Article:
Servant of the Secret Fire

Random thoughts on books and life in the reality-based community

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Location: New York, United States

The name I've chosen comes from "Lord of the Rings," when Gandalf faces down the Balrog in the Mines of Moria. My Hebrew name is Esther (which is related to the word for "hidden" or "secret") Serafina (which means "burning"). This seems appropriate because although I don't usually put myself forward, I do care very passionately about a lot of things. Maybe through these blogs I can share some of these passions, as well as less weighty ideas and opinions, with others.

Sunday, February 22, 2009

Book Review: Mr. Darcy Presents His Bride ***1/2

Mr. Darcy Presents His Bride by Helen Halstead ***1/2

To me, one of the true tests of a great novel is the involvement of the reader in the lives of the characters, to the extent of not wanting to give them up. How many of us have wondered what happened to Mr. and Mrs. Darcy and their friends and family after the end of Pride & Prejudice! Helen Halstead attempts to provide an answer, and in large part she succeeds.

The Darcys set off to London for the new bride's formal introduction to society, and she captivates many, although Lady Catherine de Bourgh's disapproval still holds sway in some quarters. There is triumph and tragedy, misunderstanding and reconciliation, and of course several characters, including Darcy's sister Georgiana, his cousins Anne de Bourgh and Colonel Fitzwilliam, Kitty Bennet, and even the odious Miss Bingley, find true love.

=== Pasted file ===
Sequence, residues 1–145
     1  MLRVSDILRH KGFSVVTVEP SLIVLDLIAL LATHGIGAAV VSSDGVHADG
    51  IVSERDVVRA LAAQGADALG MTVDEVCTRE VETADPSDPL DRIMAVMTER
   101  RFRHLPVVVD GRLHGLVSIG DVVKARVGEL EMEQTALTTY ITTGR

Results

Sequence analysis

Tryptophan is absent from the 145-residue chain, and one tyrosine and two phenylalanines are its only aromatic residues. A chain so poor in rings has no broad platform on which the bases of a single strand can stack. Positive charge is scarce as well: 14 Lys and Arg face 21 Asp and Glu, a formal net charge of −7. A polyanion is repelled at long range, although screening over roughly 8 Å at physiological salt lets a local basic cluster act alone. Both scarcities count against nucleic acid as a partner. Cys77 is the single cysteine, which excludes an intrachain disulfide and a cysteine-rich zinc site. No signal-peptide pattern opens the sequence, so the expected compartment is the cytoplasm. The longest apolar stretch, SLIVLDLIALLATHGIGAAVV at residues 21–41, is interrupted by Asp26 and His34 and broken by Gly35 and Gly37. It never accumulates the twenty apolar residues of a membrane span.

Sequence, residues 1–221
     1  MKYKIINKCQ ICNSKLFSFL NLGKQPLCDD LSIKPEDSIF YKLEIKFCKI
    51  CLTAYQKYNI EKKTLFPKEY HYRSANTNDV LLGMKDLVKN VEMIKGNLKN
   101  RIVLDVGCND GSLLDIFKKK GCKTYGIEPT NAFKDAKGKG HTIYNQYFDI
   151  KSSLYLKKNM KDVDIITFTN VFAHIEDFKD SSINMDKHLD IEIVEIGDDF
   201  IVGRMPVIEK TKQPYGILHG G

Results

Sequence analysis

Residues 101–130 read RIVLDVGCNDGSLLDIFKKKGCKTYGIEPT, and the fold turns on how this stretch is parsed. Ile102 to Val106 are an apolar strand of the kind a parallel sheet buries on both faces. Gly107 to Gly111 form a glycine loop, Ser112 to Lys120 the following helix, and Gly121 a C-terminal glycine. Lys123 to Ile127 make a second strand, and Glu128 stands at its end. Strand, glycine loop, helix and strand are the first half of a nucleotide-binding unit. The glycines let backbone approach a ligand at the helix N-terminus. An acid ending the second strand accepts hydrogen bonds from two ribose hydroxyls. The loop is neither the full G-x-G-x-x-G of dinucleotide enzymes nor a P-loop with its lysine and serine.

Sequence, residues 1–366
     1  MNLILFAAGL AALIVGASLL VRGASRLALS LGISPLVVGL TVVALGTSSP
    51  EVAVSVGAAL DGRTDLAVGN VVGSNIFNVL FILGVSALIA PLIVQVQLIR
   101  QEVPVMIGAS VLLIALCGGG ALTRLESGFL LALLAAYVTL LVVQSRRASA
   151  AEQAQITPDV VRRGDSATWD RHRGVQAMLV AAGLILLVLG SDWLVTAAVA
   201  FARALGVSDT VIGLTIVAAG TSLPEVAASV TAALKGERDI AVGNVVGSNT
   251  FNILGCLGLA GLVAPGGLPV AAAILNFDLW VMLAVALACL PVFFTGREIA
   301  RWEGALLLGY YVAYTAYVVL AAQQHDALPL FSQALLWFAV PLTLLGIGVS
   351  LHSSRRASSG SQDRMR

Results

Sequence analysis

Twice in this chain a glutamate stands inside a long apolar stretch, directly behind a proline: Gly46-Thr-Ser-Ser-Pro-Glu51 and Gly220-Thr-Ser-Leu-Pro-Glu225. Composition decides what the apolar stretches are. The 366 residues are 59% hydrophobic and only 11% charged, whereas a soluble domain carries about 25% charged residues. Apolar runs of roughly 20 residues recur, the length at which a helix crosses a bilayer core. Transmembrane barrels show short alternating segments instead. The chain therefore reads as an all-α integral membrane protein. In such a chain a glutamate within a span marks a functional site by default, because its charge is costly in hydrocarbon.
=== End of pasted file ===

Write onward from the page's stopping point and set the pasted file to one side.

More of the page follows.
The main weakness in this book, I feel, is in the editing, or, I suspect, the lack thereof. I suspect that this is a self-published book, which is too bad, since effective editing would have stengthened it enormously. In places it is unfocused, situations such as Miss Bingley's engagement are not handled as well as they could be, and the overall plot could be tightened.

However, while not as polished as many of the P&P tie-ins and sequels, Mr. Darcy Presents His Bride is a worthy entry which manages on the whole to stay true to the characters of most of the people we grew to know and love in the original novel. I give it an A for effort and a B- for execution.

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